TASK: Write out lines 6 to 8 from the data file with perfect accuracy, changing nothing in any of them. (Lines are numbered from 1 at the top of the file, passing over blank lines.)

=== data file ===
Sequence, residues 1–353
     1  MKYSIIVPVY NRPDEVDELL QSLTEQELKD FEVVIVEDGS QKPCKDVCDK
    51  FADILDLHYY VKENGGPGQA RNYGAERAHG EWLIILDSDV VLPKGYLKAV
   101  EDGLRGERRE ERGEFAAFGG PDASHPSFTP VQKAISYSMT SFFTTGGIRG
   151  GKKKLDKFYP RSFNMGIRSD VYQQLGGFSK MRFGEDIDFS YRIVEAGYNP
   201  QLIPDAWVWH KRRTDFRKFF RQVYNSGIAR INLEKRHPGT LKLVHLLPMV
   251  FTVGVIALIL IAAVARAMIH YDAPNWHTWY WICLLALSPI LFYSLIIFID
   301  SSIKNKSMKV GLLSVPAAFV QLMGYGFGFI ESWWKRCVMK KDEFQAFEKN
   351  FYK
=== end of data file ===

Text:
   201  QLIPDAWVWH KRRTDFRKFF RQVYNSGIAR INLEKRHPGT LKLVHLLPMV
   251  FTVGVIALIL IAAVARAMIH YDAPNWHTWY WICLLALSPI LFYSLIIFID
   301  SSIKNKSMKV GLLSVPAAFV QLMGYGFGFI ESWWKRCVMK KDEFQAFEKN